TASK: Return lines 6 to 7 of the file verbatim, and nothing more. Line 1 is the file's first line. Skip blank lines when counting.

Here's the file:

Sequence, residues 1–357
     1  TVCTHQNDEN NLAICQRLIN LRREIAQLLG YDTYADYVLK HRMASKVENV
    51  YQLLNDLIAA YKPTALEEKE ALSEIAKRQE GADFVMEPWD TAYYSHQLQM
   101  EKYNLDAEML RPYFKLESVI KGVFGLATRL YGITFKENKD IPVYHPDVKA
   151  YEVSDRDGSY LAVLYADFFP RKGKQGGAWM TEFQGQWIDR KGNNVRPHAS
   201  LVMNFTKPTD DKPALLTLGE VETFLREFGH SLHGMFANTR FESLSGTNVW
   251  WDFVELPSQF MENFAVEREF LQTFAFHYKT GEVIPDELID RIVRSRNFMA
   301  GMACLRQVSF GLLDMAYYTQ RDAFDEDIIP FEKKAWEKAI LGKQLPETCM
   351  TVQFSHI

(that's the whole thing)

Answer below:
   201  LVMNFTKPTD DKPALLTLGE VETFLREFGH SLHGMFANTR FESLSGTNVW
   251  WDFVELPSQF MENFAVEREF LQTFAFHYKT GEVIPDELID RIVRSRNFMA